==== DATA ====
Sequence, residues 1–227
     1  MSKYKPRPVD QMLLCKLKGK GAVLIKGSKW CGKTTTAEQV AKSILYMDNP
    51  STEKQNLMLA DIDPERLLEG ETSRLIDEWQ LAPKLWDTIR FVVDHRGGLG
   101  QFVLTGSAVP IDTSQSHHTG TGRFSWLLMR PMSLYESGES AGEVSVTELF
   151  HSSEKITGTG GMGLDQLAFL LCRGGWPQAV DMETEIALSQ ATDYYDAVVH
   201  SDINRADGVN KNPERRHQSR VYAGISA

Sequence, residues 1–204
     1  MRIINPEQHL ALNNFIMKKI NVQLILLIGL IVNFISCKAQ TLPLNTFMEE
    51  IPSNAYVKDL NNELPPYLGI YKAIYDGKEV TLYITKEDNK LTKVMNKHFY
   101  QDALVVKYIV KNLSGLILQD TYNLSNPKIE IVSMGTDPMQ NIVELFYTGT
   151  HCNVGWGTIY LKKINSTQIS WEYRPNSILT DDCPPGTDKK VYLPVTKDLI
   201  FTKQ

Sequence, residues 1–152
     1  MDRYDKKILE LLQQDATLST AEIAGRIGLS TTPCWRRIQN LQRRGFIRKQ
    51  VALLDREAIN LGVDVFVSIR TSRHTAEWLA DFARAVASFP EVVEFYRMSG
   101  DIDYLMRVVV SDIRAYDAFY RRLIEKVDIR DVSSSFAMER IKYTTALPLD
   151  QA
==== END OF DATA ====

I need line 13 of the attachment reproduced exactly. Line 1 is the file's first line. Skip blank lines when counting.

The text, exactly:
Sequence, residues 1–152